Multiomics approach reveals a role of translational machinery in shaping maize kernel amino acid composition

Shrestha, Vivek, et al. “Multiomics approach reveals a role of translational machinery in shaping maize kernel amino acid composition.” Plant physiology 188.1 (2022): 111-133.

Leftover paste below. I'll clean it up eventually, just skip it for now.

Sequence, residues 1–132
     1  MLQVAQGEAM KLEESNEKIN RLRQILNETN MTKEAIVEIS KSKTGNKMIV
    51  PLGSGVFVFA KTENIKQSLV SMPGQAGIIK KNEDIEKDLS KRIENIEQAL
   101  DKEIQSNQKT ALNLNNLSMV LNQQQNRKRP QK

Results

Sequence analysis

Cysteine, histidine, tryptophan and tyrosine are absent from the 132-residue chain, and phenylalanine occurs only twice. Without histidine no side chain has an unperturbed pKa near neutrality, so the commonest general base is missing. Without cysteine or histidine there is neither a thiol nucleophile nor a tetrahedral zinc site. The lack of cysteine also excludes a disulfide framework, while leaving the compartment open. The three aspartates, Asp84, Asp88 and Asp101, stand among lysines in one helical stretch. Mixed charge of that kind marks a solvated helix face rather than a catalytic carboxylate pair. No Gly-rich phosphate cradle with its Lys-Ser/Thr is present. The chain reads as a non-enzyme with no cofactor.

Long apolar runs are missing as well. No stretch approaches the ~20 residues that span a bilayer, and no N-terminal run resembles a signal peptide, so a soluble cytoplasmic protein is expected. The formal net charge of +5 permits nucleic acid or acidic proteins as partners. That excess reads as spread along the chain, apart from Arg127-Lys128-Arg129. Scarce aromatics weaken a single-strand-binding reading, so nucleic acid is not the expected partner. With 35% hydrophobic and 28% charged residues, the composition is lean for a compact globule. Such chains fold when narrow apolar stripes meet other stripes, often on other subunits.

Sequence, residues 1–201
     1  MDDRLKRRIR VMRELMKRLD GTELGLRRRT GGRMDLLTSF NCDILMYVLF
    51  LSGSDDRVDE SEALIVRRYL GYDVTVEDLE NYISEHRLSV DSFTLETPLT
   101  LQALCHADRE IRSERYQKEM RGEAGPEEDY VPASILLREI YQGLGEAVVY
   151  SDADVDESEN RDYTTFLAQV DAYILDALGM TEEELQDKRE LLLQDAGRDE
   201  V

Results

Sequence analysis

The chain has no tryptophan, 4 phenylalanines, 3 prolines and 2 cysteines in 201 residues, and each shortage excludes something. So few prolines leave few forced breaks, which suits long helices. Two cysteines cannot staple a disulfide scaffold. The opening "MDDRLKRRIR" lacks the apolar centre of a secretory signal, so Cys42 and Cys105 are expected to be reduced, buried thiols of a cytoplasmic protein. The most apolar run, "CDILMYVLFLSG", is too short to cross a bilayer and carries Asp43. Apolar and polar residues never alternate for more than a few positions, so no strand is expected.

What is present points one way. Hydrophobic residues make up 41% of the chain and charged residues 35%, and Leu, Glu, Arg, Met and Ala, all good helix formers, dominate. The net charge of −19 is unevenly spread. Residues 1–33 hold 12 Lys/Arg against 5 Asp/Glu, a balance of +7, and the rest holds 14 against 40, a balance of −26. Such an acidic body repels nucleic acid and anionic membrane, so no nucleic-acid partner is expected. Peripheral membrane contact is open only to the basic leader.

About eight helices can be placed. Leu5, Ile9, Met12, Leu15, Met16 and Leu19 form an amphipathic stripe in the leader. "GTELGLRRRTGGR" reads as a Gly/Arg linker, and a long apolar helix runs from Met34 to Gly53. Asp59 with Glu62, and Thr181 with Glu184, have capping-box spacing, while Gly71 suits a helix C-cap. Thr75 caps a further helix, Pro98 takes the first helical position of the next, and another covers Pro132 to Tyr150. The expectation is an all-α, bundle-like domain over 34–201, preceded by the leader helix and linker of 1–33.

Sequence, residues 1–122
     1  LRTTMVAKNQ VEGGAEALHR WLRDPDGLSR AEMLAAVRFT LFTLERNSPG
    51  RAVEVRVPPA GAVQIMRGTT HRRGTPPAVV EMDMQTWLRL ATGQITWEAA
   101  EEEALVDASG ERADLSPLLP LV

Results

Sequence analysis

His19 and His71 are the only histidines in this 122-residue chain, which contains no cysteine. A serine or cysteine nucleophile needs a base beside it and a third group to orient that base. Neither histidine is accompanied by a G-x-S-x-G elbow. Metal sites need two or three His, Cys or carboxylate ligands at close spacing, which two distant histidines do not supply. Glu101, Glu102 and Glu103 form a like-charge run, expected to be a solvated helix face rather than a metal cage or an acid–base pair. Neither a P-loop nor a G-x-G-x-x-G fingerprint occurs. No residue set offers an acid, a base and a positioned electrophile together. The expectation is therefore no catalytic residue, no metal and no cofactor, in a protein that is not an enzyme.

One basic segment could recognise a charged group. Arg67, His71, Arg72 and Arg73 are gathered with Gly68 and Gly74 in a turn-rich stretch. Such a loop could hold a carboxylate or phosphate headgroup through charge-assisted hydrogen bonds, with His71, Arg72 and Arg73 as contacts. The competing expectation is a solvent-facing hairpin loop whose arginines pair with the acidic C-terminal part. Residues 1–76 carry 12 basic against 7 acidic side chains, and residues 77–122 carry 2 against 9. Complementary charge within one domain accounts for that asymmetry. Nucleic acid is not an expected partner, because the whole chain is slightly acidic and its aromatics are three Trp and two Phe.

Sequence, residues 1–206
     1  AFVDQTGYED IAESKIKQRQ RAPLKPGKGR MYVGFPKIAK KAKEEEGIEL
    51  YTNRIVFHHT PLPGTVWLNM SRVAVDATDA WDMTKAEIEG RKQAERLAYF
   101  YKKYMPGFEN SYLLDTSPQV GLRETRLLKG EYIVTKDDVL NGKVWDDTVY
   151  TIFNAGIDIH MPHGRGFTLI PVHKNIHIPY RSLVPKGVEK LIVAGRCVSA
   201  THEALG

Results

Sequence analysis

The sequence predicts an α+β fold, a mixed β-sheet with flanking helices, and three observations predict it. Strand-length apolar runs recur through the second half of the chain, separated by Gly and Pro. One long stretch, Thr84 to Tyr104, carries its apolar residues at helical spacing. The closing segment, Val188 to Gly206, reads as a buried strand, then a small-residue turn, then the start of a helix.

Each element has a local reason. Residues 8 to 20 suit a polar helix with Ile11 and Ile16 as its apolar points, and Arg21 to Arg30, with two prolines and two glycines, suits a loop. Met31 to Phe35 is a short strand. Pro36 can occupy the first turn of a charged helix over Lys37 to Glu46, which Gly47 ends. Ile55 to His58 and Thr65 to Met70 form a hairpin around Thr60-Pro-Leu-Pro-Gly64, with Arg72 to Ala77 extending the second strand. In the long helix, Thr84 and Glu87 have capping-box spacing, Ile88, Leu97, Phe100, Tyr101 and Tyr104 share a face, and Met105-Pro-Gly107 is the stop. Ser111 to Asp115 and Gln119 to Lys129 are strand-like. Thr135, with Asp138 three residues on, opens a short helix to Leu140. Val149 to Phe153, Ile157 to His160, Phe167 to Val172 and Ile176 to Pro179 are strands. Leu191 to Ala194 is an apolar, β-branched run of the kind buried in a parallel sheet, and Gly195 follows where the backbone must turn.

Maize (Zea mays) seeds are a good source of protein, despite being deficient in several essential amino acids. However, eliminating the highly abundant but poorly balanced seed storage proteins has revealed that the regulation of seed amino acids is complex and does not rely on only a handful of proteins. In this study, we used two complementary omics-based approaches to shed light on the genes and biological processes that underlie the regulation of seed amino acid composition. We first conducted a genome-wide association study to identify candidate genes involved in the natural variation of seed protein-bound amino acids. We then used weighted gene correlation network analysis to associate protein expression with seed amino acid composition dynamics during kernel development and maturation. We found that almost half of the proteome was significantly reduced during kernel development and maturation, including several translational machinery components such as ribosomal proteins, which strongly suggests translational reprogramming. The reduction was significantly associated with a decrease in several amino acids, including lysine and methionine, pointing to their role in shaping the seed amino acid composition. When we compared the candidate gene lists generated from both approaches, we found a nonrandom overlap of 80 genes. A functional analysis of these genes showed a tight interconnected cluster dominated by translational machinery genes, especially ribosomal proteins, further supporting the role of translation dynamics in shaping seed amino acid composition. These findings strongly suggest that seed biofortification strategies that target the translation machinery dynamics should be considered and explored further.